Ohio – Nelson Mullins Partner Settles with SEC in Pay-to-Play Suit
American Lawyer – Scott Flaherty | Published: 5/3/2017

Robert Crowe agreed to settle civil allegations brought by federal regulators in a “pay-to-play” scheme involving State Street Bank. Crowe was a lobbyist for Boston-based State Street when he became embroiled in the scheme of a former State Street employee to raise campaign contributions for a deputy treasurer in Ohio. The former employee had made a deal to provide campaign funding in exchange for business contracts for State Street, the Securities and Exchange Commission (SEC) alleged. Crowe allegedly filtered $16,000 through his personal bank account to reimburse others for making contributions to the deputy treasurer. Without admitting or denying the allegations, Crowe agreed to a federal judge’s order to pay nearly $95,000 in penalties.

Washington – Seattle Mayor Ed Murray Won’t Seek Second Term: ‘It tears me to pieces to step away’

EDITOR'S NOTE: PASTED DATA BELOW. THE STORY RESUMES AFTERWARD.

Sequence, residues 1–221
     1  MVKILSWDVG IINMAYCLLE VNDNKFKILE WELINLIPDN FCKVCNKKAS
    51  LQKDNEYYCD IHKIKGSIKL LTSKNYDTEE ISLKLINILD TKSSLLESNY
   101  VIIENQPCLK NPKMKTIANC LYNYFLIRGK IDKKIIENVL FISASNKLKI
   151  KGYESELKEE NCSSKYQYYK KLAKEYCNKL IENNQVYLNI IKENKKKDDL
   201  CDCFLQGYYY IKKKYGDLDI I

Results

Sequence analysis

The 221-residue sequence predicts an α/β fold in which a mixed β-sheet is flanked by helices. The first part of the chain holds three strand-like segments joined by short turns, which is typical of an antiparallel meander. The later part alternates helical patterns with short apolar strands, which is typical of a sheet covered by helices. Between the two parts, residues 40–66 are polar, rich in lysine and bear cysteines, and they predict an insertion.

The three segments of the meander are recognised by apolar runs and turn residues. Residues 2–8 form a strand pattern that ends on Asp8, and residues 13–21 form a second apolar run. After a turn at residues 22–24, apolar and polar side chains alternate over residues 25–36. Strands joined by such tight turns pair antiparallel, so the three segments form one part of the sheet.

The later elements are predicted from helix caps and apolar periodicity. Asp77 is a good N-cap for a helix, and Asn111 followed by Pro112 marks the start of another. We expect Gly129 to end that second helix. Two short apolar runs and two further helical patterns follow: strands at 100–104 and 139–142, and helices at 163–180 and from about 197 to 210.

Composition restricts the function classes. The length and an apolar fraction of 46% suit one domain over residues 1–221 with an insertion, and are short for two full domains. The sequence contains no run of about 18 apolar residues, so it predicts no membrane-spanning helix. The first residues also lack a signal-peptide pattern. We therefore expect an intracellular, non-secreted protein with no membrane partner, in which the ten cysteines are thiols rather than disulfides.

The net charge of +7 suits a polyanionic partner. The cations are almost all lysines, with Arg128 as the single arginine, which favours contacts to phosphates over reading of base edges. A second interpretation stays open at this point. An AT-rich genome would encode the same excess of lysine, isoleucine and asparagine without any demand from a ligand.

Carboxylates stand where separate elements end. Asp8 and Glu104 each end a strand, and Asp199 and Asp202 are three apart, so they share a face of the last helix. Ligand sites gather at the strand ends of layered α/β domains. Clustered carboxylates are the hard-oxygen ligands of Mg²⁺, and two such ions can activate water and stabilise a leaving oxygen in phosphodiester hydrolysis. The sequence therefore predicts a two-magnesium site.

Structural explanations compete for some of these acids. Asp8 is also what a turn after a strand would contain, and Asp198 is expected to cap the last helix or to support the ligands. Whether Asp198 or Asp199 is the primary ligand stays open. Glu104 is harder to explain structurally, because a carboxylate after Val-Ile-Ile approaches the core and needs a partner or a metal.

Seattle Times – Daniel Beekman | Published: 5/9/2017

Seattle Mayor Ed Murray said he will not run for re-election, as he fights claims he sexually abused teenage boys in the 1980s. Murray, who was expected to win the upcoming mayoral race, dropped out days before the official filing deadline. In April, a man filed a lawsuit accusing Murray of sexually abusing him in 1986, when he was a homeless 15-year-old boy. Three other men have since come forward to accuse Murray of abuse, including paying for sex with them while they were minors. Murray said the allegations against him “are not true. The scandal surrounding them hurts me and this city.”